SOCIASYLUM

You might not yet be familiar with SOCIASYLUM but that will change after you have read this interview. Anders Ekdahl ©2018

A band name says more than thousand words, or does it? How important is a band name to get people interested in your music?
-As in most cases the name is the first thing that catches the eye, I think it is rather important. Although, the name cannot be taken as a defining element for the bands creation, name can give an insight, but could be totally irrelevant to musical creation.

When you finish a recording and then sit back and relax, what kind of feelings do you get? Are you glad it is finished? Does the anxiety grow, not knowing if everybody will like it?
-As this was our first actual studio experience, we were all relieved and happy with our parts. Once the first mixes came in, we started to get anxious on how it will sound, how will people perceive it, did we actually give it our best and all these ideas. When we received the final master from Brad Boatright, the feeling was overwhelming. I personally loved it.

What is it like to be in a studio recording your music? What kind of feelings and thoughts race through your heads?
-Days are long and a lot of work is being done, so at those moments it was mostly tiredness mixed with feeling of success, laying down our individual parts and hearing them back. Giving it your utmost and after a take, hearing back from Alexander Sarychev (our studio engineer and producer) saying “push it harder”, putting your all in it and a little bit more. A feeling of relief, frustration and happiness mixed.

Today I get a feeling that the promotion of a band lands a lot on the bands themselves so how does one promote oneself the best possible way in order to reach as many as possible?
-Yeah, especially in DIY scene. For us, as a rather young band, we are only now focusing more on it. I mean, for a new band trying to get its name out there, there is no right way, you just try to reach out to people, to get them write about your music or share it and just hope they like it. Tour, release merch etc. You make your mistakes and learn from them and most of all, build a network with writers, other bands and so on. People in the scene need to have each others back.

Today we have all these different sub-genres in metal. How important is that you can be tagged in one of these? Why isn’t metal enough as a tag?
-We had never tagged ourselves or added any kind of definition. But with this release, the first thing we saw, was people arguing over the genre. Oddly enough, it seems to be more important than you could anticipate. I myself would be happy with less tagging and defining. Play/listen music you love and that’s that.

What importance is there in being part of local/national/international scene? Does playing in a band make you feel like you are a part of something bigger? I know it does to me knowing that in some slight way I was a part of the Swedish death metal scene in the 90s.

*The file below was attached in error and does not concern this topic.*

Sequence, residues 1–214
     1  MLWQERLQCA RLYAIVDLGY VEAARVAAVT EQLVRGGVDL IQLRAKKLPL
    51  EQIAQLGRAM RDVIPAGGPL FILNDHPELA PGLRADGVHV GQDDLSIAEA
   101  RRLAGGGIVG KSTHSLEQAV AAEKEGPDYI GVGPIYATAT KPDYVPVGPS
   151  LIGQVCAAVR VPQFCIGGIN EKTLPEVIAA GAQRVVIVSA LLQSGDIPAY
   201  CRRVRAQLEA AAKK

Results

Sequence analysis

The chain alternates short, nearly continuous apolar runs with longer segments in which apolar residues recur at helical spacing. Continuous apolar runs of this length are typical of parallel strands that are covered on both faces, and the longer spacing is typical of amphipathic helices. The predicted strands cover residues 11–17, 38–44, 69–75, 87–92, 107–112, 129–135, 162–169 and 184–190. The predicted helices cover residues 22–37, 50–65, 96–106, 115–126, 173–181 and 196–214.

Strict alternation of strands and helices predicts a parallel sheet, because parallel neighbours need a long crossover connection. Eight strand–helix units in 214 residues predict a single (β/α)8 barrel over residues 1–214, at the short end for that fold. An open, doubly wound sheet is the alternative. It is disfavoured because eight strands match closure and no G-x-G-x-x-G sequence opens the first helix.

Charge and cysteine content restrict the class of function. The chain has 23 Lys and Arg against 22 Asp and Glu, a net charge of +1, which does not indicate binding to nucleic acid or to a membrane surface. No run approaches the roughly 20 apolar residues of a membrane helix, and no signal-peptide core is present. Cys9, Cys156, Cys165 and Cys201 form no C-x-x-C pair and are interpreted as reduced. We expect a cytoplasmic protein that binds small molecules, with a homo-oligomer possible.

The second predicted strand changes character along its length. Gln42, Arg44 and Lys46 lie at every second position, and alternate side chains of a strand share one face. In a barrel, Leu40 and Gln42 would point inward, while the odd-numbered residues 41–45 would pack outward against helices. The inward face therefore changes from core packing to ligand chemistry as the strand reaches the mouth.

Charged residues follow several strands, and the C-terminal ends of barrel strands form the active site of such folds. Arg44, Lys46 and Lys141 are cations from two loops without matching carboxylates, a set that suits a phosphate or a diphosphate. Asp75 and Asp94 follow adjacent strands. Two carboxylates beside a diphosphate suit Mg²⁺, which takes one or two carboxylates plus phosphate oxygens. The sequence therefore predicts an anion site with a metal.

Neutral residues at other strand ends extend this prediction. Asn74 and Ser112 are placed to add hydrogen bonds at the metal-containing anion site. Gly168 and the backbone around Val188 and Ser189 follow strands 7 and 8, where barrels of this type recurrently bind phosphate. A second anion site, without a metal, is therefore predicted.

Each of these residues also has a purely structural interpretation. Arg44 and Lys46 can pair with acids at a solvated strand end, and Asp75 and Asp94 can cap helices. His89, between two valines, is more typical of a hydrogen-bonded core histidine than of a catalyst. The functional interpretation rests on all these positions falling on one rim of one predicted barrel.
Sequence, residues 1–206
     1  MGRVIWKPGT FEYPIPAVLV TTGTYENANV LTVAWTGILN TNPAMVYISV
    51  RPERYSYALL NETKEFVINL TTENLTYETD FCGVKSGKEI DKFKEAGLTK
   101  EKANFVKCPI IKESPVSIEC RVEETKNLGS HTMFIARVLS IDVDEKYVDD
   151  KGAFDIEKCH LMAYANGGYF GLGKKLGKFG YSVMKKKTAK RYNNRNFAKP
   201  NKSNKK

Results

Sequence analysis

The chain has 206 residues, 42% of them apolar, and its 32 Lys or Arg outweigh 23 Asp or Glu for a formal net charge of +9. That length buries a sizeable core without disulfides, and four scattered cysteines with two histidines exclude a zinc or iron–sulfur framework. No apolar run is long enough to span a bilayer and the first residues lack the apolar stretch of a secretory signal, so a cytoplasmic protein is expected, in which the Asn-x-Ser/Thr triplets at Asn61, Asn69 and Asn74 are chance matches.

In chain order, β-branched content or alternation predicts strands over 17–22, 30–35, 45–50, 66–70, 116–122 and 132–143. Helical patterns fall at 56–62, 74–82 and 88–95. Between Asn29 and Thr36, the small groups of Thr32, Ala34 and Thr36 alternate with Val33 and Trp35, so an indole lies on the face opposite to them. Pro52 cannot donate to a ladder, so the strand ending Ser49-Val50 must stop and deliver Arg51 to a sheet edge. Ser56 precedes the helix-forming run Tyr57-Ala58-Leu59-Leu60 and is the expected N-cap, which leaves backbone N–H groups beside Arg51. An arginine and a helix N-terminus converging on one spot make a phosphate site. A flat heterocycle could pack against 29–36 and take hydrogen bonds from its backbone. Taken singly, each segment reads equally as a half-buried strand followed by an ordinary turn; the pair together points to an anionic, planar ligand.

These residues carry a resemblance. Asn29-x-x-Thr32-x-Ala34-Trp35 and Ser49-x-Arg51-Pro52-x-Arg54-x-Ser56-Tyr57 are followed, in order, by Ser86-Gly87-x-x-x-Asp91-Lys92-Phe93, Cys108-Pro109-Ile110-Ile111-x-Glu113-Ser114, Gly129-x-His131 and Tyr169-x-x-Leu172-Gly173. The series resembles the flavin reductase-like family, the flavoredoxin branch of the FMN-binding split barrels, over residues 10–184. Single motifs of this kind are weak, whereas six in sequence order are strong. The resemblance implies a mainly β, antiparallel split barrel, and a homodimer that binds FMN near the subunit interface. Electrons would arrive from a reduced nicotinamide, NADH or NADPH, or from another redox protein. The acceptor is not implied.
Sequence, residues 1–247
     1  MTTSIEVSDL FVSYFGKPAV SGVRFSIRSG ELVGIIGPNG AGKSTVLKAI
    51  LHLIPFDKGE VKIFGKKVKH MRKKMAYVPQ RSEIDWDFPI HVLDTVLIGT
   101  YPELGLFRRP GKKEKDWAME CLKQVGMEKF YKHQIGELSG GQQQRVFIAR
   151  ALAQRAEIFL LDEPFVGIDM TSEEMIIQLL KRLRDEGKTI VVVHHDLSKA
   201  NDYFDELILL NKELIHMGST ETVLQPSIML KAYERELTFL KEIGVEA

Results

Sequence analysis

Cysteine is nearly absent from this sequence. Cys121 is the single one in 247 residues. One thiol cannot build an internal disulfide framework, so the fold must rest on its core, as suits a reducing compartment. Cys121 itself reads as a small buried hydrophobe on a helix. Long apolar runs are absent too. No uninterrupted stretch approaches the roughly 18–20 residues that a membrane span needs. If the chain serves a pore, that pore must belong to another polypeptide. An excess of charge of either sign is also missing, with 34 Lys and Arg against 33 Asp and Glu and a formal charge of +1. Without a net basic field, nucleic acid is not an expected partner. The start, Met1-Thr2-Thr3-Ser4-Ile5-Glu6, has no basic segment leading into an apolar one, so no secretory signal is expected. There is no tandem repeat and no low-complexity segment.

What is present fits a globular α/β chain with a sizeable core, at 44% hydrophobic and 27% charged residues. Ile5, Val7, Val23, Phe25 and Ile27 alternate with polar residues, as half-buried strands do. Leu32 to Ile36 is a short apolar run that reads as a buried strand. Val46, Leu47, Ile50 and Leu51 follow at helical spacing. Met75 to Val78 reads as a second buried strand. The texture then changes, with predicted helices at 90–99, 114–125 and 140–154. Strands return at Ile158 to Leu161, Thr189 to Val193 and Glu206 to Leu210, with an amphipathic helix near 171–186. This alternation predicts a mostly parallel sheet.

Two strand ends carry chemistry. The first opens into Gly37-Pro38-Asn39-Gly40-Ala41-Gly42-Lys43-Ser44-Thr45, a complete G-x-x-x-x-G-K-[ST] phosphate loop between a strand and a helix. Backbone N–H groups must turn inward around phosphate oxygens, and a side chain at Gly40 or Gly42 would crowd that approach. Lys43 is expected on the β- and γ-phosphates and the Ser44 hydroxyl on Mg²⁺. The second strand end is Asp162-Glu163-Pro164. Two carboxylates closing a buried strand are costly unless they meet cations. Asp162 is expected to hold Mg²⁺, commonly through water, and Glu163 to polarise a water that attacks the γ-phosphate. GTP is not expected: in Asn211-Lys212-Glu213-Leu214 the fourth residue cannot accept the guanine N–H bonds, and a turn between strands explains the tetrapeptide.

-Of course it is important. Important to share your message and have somebody behind your back, supporting you. We have met a lot of cool people locally and abroad, we could call friends now. Playing together, being part of this similar idea/approach of music, I love it.

Ever since I first got into metal the art work has been a main motivator in buying a record. What part does art work for album covers play in the world of the band?
-We had an idea for this artwork, to be actual piece of art itself, that a person would take the album look at it and buy it, regardless of its contents. Artwork is important and our friend Erik Hallik painted this masterpiece for us.

How important is having a label to back you up today when you can just release your music on any sort of platform online? With the ability to upload your music as soon as you’ve written it the freedom to create has become greater but are there any negative consequences to music being too readily available to fans now that every Tom, John and Harry can upload their stuff?
-Since we do not have a label it is a bit difficult to say out of experience, as there is none. Nowadays it is easy just going DIY, but it is a lot of work.. To get some external help with some of the promotional part would of course be amazing.

What is a gig with you like? What kind of shows do you prefer to play?
-We prefer small intimate DIY place gigs, preferably without a stage, on the same level with the people. Our shows are always very energetic and empowering to the listener.

What lies in the future?
-Small tour in Finland in November, video recording and finally printing and releasing a vinyl version of our latest album, this autumn.

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